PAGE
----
The Lemon Grove by Helen Walsh

The Lemon Grove by Helen Walsh

The Lemon Grove by Helen WalshHelen Walsh’s The Lemon Grove is an absorbing tale of desire and passion amongst the exotic setting of Deia in Mallorca. Jenn is on holiday with husband Gregg and his daughter Emma, but their ritual of holidaying at Deia every year with just the three of them is about to be ruined when Emma insists that her new boyfriend Nathan must join them. Jenn and Gregg have never met Nathan before, but as soon as Jenn sets eyes on him she feels a spark and attraction there that she feels is reciprocated. Set over the course of a week, the novel follows Jenn’s relationship with Nathan as it grows dangerously sexual, and her changing connection with her husband and step-daughter.

The novel is a great holiday read but sometimes I felt like it could have been written a bit better. Though the subject matter is quite serious, the story is nevertheless interesting and atmospheric, and made me dream of sunbathing on a Spanish island somewhere.

The theme of age is really prevalent throughout the novel. Jenn is preoccupied with her aging body and continuously compares herself to Emma, whilst the fact that Nathan is so young makes Jenn feel that the affair is more her fault than his, even though it takes two people to have an affair and Nathan is the one who, towards the beginning of the novel, initiates intimacy between them.

There are some really graphic scenes in the novel which serve to further emphasise the sordid relationship between Jenn and Nathan. Although Jenn feels lust and longing towards Nathan and wants to be around him, most of the time she just feels unhappy, guilty and disgusted with herself. Their sex scenes often seem rushed, enveloped in the seediness of an affair with her step-daughter’s boyfriend.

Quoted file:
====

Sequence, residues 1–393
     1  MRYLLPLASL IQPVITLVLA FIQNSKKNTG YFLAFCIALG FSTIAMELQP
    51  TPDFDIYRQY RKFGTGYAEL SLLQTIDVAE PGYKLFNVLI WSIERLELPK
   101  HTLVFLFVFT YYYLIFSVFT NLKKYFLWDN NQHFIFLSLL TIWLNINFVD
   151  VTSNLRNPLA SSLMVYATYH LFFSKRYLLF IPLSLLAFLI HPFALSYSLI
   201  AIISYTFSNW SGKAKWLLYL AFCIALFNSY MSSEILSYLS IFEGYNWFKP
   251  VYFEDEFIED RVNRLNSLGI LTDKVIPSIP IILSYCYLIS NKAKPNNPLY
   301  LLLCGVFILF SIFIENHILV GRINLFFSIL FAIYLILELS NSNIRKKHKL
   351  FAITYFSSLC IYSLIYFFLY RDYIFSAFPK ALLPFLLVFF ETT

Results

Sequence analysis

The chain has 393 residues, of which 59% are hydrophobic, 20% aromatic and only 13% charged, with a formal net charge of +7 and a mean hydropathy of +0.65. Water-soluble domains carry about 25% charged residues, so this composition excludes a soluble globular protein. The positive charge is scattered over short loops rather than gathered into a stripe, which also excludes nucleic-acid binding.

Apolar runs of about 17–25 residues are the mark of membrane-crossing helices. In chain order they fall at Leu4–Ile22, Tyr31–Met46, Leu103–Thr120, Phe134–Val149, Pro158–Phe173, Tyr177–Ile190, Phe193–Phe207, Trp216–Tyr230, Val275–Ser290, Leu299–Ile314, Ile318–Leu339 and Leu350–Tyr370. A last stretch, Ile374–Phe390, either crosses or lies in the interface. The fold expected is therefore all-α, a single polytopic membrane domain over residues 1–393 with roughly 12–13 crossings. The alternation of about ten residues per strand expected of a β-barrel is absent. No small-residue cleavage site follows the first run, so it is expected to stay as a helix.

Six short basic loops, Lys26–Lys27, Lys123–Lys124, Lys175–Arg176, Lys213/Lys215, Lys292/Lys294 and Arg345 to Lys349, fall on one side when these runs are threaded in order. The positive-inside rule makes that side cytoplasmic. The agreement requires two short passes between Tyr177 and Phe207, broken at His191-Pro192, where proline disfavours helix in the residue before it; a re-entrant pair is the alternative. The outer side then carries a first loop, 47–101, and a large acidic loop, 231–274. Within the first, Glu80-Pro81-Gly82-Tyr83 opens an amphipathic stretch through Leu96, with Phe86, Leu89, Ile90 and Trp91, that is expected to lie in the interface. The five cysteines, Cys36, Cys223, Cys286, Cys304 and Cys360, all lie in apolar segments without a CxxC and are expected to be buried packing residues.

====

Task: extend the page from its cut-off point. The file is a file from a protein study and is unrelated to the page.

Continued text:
Jenn is a tricky character to work out. She seems to really love Emma and wants what is best for her, as she has raised her from a young age, but also envies her. Her husband Gregg seems a really nice man but can seem irritatingly self-important. I felt sorry for Jenn at times but overall felt that she was very naive and rash; she must have realised that she couldn’t get away with sleeping with Nathan but she does it anyway, and you wonder how much she can really care about her family if she repeatedly breaches their trust in this way.

I don’t feel that Walsh writes amazingly throughout but despite this her description of the wealthy, exotic holiday destination jumps off the page. The Lemon Grove has many other themes that can be examined but I don’t want to reveal too much to those who haven’t read it.

I would recommend this novel to anyone who is looking for a beach read which makes you think a little and consider the un-relentless pull of youth.

Rating: 4/5

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